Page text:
[ 474 Pa. Page 165]

Id. at 713.

In Sinclair v. State, 278 Md. 243, 363 A.2d 468 (1976), the Maryland Court of Appeals held:

"[I]f a prosecutor has, or would clearly appear to a reasonable person having knowledge of the pertinent facts to have, any pecuniary interest or a significant personal interest in a civil matter which may impair his obligation in a criminal matter to act impartially toward both the State and the accused, then he is, on the basis of this State's public policy, disqualified from initiating or participating in the prosecution of that criminal cause. The corollary to this principle is that if a prosecutor who should have been disqualified is involved in his official capacity in the bringing of the charges . . . against the defendant, then upon timely objection the charges will be dismissed, or if such a prosecutor participates in his official capacity in the prosecution of the case, then upon timely objection any resulting conviction will be reversed and a new trial ordered."

Id. at 254, 363 A.2d at 475. The court refused to require that a defendant establish actual prejudice before a district attorney's conflict of interest would invalidate a conviction. The court held that "on the basis of public policy [actual prejudice] will be presumed to exist as a matter of law." Id. at 255 n.8, 363 A.2d at 475 n.8.

Thus, in light of the difficulty of ascertaining whether the district attorney failed to act impartially, as well as the potential abuses and negative social impact which may flow from a district attorney's conflict of interest, I believe that such a conflict should invalidate a conviction even though a defendant does not establish actual prejudice.

Finally, I find it difficult to reconcile the majority's affirmance of appellant's conviction with Commonwealth ex rel. Whitling v. Russell, 406 Pa. 45, 176 A.2d 641 (1962). In Whitling, Justice (later Chief Justice) Jones, writing for a unanimous court, held that where a defense attorney represents

[ 474 Pa. Page 166]

    two criminal defendants in proceedings involving the same criminal episode, the defendant need not establish actual prejudice. Justice Jones wrote:

"Despite its recognition of the existence of a conflict of interest . . . the Superior Court stated that it was appellant's burden to show 'that the conflict of interest resulted in such ineffective and improper representation as to result in basic and fundamental error' and, in the instant situation, appellant had not sustained this burden. With that conclusion we cannot agree.

If, in the representation of more than one defendant, a conflict of interest arises, the mere existence of such a conflict vitiates proceedings, even though no actual harm results. The potentiality that such harm may result, rather than such harm did result, furnishes the appropriate criterion. As pointed out by Judge MONTGOMERY in his dissenting opinion, the Superior Court in Pile v. Thompson, 62 Pa. Super.Ct. 400 . . . '. . . the rule is not intended to be remedial of actual wrong, but preventive of the possibility of it.'"

Id. 406 Pa. at 48, 176 A.2d at 643. (emphasis in Whitling)

Like the situation in Whitling, it is the potentiality of harm rather than the occurrence of actual harm which should furnish the appropriate criterion where the district attorney has a conflict of interest.

*fn1 The per curiam order remanding this case for a hearing to determine whether appellant suffered actual prejudice does not establish that a defendant must prove actual prejudice in order to obtain relief after a prosecutor's conflict of interest comes to light. Rather, the remand permitted development of the record thereby aiding this Court in deciding the merits of appellant's claim. Moreover, if actual prejudice had been established, it would have been unnecessary to determine whether the mere existence of a conflict should invalidate appellant's conviction.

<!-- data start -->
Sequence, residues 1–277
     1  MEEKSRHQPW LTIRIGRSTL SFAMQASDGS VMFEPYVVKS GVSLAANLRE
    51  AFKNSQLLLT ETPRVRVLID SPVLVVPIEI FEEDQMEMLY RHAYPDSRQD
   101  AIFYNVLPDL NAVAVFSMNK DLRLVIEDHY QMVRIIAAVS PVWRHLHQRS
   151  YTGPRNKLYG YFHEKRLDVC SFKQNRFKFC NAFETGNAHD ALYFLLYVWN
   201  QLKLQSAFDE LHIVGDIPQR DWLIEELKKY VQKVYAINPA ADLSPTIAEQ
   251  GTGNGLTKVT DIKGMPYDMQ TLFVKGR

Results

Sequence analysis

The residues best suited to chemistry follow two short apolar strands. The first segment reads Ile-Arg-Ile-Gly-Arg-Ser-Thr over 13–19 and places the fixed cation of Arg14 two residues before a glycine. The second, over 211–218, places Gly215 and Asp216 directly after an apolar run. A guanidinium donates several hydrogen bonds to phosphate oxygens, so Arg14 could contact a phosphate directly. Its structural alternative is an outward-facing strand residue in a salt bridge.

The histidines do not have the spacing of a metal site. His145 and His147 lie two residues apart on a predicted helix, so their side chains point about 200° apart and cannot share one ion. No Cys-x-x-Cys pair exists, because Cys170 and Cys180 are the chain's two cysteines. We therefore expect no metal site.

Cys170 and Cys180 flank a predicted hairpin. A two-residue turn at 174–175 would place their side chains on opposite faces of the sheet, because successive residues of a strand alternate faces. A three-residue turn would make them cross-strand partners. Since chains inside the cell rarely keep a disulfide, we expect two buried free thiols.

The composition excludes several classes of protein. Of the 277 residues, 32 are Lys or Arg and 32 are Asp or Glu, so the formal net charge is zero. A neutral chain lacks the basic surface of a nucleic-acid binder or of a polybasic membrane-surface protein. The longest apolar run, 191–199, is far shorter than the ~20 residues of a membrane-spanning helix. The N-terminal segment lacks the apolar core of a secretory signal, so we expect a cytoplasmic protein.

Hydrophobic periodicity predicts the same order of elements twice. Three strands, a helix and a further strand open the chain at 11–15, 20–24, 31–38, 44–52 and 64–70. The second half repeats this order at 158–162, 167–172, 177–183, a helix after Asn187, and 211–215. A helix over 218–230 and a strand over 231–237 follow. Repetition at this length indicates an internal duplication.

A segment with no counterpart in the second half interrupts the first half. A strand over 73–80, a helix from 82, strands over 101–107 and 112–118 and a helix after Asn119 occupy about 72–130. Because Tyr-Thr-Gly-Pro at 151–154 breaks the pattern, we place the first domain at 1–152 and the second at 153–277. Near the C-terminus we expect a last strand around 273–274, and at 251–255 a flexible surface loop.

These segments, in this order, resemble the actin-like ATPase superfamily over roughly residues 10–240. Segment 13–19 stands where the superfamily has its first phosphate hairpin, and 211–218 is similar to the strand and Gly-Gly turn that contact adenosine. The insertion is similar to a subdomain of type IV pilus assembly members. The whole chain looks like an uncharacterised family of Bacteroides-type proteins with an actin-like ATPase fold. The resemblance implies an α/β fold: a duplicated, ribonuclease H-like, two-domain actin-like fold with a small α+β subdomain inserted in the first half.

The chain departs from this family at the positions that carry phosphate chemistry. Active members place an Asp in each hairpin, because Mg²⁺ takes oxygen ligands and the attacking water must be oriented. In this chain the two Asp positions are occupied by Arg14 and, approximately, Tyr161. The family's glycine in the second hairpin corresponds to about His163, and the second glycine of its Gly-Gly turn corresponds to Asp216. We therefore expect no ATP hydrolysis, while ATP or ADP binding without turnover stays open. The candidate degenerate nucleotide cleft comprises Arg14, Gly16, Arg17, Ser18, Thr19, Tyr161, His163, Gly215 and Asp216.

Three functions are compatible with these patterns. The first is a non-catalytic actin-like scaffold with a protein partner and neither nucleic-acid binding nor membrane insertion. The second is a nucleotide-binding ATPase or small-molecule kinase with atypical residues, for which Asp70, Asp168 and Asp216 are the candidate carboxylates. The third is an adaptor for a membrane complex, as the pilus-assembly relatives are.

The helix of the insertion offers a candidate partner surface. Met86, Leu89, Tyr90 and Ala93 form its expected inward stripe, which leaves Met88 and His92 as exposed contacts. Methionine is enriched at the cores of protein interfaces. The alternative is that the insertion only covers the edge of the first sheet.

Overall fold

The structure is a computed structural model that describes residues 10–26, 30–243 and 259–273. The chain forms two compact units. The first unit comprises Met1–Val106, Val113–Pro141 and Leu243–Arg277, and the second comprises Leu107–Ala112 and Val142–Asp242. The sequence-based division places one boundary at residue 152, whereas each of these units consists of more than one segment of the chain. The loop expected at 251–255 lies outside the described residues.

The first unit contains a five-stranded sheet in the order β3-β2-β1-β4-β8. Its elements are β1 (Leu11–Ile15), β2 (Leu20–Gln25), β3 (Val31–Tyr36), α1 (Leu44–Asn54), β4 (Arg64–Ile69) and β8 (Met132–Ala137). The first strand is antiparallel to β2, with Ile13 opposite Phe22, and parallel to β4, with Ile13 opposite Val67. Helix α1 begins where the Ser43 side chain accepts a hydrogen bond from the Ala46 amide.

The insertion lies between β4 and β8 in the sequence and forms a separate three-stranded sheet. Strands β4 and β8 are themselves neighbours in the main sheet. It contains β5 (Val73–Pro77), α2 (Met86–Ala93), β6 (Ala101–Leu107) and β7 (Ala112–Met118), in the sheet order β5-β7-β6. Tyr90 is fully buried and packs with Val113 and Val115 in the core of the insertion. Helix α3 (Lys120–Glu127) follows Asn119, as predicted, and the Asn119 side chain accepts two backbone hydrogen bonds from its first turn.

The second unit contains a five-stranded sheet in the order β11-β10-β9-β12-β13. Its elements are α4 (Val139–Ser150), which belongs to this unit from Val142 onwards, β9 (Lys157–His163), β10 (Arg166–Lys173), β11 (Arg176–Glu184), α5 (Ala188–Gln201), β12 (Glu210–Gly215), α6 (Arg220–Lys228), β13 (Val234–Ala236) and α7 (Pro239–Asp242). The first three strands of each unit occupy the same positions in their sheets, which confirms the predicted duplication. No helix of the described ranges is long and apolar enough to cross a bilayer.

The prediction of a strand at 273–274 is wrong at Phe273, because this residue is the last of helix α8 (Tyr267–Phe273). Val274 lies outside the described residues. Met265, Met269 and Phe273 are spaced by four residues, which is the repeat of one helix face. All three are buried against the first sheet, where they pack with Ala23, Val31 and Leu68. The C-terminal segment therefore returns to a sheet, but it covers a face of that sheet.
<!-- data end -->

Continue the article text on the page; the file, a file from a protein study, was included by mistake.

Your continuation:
Thus not only is a judicial requirement of prosecutorial impartiality reconcilable with executive discretion in criminal cases, it is precisely because the prosecutor enjoys such broad discretion that the public he serves and those he accuses may justifiably demand that he perform his functions with the highest degree of integrity and impartiality, and with the appearance thereof."

Id. at 70, 17 P.2d at 952. See Hosford v. Eno, 41 S.D. 65, 168 N.W. 764 (1918).

*fn2 "[T]he exercise of [discretionary] power by the prosecuting officer -- the decision to prosecute or not to prosecute . . . -- involves the performance of one of the most difficult and delicate functions of his office. It requires the weighing and balancing of interest that may, and often do, conflict -- those of the public and those of the victim . . . . One thing is certain. The prosecuting officer cannot perform this function -- he cannot discharge his public obligation -- if his personal interests are involved. And his representation of the [victim] at once gives him a personal interest in the matter that disables him from the proper performance of his official duty."

In re Ridgely, 48 Del. 464, 471, 106 A.2d 527, 531 (1954) (disciplinary proceedings). See generally, American Bar Association Project on Minimum Standards for Criminal Justice, Standards Relating to the Prosecution Function and the Defense Function, The Prosecution Function § 1.2 (Approved Draft, 1971); Pennsylvania Supreme Court Code of Professional Responsibility.

*fn3 Accord, People v. The Superior Court of Contra Costa County, 19 Cal.3d 255, 137 Cal.Rptr. 476, 561 P.2d 1164 (1977) (citations omitted) (footnotes omitted):

"The prosecutor is a public official vested with considerable discretionary power to decide what crimes are to be charged and how they are to be prosecuted. . . . In all his activities, his duties are conditioned by the fact that he 'is the representative not of any ordinary party to a controversy, but of a sovereignty whose obligation to govern impartially is as compelling as its obligation to govern at all; and whose interest, therefore, in a criminal prosecution is not that it shall win a case, but that justice shall be done.' [quoting Berger v. United States, 295 U.S. 78, 88, 55 S.Ct. 629, 633, 79 L.Ed. 1314 (1935)]